If in a nature so harmoniously organized any one aspect of it may be singled out as characteristic, it is this—that he stood aloof from all ideology and everything fanciful. As a matter of course, Caesar was a man of passion, for without passion there is no genius; but his passion was never stronger than he could control. He had had his season of youth, and song, love, and wine had taken lively possession of his spirit; but with him they did not penetrate to the inmost core of his nature. Literature occupied him long and earnestly; but, while Alexander could not sleep for thinking of the Homeric Achilles, Caesar in his sleepless hours mused on the inflections of the Latin nouns and verbs. He made verses, as everybody then did, but they were weak; on the other hand he was interested in subjects of astronomy and natural science. While wine was and continued to be with Alexander the destroyer of care, the temperate Roman, after the revels of his youth were over, avoided it entirely. Around him, as around all those whom the full lustre of woman's love has dazzled in youth, fainter gleams of it continued imperishably to linger; even in later years he had love-adventures and successes with women, and he retained a certain foppishness in his outward appearance, or, to speak more correctly, the pleasing consciousness of his own manly beauty. He carefully covered the baldness, which he keenly felt, with the laurel chaplet that he wore in public in his later years, and he would doubtless have surrendered some of his victories, if he could thereby have brought back his youthful locks. But, however much even when monarch he enjoyed the society of women, he only amused himself with them, and allowed them no manner of influence over him; even his much-censured relation to queen Cleopatra was only contrived to mask a weak point in his political position.(1) Caesar was thoroughly a realist and a man of sense; and whatever he undertook and achieved was pervaded and guided by the cool sobriety which constitutes the most marked peculiarity of his genius. To this he owed the power of living energetically in the present, undisturbed either by recollection or by expectation; to this he owed the capacity of acting at any moment with collected vigour, and of applying his whole genius even to the smallest and most incidental enterprise; to this he owed the many-sided power with which he grasped and mastered whatever understanding can comprehend and will can compel; to this he owed the self-possessed ease with which he arranged his periods as well as projected his campaigns; to this he owed the "marvellous serenity" which remained steadily with him through good and evil days; to this he owed the complete independence, which admitted of no control by favourite or by mistress, or even by friend. It resulted, moreover, from this clearness of judgment that Caesar never formed to himself illusions regarding the power of fate and the ability of man; in his case the friendly veil was lifted up, which conceals from man the inadequacy of his working. Prudently as he laid his plans and considered all possibilities, the feeling was never absent from his breast that in all things fortune, that is to say accident, must bestow success; and with this may be connected the circumstance that he so often played a desperate game with destiny, and in particular again and again hazarded his person with daring indifference. As indeed occasionally men of predominant sagacity betake themselves to a pure game of hazard, so there was in Caesar's rationalism a point at which it came in some measure into contact with mysticism.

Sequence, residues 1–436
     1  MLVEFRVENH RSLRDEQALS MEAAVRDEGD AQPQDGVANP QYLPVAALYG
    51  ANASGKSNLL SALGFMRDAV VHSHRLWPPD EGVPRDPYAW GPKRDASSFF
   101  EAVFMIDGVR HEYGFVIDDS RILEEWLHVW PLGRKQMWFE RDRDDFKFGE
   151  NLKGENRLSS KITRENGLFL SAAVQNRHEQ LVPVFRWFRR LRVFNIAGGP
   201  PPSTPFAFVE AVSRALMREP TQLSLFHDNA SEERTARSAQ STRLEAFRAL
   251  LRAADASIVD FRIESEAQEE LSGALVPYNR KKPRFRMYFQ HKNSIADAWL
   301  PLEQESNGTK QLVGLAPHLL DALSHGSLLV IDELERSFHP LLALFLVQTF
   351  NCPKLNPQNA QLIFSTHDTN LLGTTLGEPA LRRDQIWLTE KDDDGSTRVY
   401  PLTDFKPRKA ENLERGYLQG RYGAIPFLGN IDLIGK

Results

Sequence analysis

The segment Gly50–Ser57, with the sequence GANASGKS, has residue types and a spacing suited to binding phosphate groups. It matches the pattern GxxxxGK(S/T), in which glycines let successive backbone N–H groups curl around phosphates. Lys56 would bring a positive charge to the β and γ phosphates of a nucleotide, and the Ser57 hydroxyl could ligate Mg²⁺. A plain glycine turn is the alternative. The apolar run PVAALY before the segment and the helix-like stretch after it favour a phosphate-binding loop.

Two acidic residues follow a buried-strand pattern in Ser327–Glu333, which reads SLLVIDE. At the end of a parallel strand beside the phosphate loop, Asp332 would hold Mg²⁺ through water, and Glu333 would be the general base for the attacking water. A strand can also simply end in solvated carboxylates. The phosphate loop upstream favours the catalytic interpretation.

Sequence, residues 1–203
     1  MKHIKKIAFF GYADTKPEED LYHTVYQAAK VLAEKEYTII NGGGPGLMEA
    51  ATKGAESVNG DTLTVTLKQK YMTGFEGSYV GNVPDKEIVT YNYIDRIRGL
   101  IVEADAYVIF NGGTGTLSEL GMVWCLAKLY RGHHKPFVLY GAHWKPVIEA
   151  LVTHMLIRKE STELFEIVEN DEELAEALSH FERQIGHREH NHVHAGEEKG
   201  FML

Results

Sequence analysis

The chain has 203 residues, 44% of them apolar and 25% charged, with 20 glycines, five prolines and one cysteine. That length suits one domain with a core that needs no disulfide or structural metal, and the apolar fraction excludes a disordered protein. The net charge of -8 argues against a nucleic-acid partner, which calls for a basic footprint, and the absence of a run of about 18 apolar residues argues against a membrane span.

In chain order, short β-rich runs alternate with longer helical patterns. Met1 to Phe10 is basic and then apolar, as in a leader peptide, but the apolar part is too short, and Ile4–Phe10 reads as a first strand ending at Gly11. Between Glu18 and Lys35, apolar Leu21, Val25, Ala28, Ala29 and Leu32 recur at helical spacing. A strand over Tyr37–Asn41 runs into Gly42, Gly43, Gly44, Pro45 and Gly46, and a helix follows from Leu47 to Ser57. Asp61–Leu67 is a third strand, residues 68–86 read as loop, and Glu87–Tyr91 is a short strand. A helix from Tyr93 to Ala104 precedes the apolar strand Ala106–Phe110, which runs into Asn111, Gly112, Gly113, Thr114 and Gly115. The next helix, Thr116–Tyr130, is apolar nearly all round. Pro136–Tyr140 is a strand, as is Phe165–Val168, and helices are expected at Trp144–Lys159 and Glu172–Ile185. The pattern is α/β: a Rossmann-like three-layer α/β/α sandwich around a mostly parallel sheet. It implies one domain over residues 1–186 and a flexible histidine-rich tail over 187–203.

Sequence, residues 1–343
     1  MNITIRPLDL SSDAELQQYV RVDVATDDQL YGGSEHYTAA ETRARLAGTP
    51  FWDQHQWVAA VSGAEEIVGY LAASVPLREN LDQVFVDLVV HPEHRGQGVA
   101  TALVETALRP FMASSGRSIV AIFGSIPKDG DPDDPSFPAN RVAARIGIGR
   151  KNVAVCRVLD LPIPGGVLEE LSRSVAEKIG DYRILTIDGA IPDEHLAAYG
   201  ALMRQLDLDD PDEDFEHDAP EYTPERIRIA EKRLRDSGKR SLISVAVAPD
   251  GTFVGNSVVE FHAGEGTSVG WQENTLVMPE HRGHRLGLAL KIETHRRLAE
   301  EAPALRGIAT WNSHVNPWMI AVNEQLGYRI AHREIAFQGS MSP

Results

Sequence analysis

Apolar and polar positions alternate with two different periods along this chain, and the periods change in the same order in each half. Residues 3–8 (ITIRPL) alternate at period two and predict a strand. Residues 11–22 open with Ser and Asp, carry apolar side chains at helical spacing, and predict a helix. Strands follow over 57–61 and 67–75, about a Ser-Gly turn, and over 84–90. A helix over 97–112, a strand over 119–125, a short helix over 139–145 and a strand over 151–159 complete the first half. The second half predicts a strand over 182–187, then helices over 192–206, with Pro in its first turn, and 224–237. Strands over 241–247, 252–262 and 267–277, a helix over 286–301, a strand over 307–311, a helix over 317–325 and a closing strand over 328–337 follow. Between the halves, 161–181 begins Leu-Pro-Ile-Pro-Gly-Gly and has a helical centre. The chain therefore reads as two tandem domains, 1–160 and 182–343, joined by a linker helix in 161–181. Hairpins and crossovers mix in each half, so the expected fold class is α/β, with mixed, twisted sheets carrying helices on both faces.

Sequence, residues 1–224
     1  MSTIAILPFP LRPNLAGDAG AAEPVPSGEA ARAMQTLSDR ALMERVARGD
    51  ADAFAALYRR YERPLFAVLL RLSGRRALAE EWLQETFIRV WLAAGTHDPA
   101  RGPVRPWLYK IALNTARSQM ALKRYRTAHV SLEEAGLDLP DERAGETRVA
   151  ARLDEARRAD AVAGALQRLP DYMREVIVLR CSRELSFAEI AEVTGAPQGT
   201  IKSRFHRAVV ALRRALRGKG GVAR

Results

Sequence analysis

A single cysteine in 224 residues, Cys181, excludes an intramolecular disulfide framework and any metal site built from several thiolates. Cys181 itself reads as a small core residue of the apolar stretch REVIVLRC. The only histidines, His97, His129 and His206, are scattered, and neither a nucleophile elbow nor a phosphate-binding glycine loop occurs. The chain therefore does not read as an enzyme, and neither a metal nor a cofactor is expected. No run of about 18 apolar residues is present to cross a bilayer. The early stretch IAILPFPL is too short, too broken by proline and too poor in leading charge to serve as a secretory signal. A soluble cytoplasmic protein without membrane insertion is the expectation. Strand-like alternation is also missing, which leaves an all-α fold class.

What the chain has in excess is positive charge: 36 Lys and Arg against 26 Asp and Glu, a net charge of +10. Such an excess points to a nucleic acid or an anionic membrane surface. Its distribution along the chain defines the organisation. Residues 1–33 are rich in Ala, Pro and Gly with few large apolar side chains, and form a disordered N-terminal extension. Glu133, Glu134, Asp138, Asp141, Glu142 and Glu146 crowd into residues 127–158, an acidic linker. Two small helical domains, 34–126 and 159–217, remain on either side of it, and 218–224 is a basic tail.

Caesar as a Statesman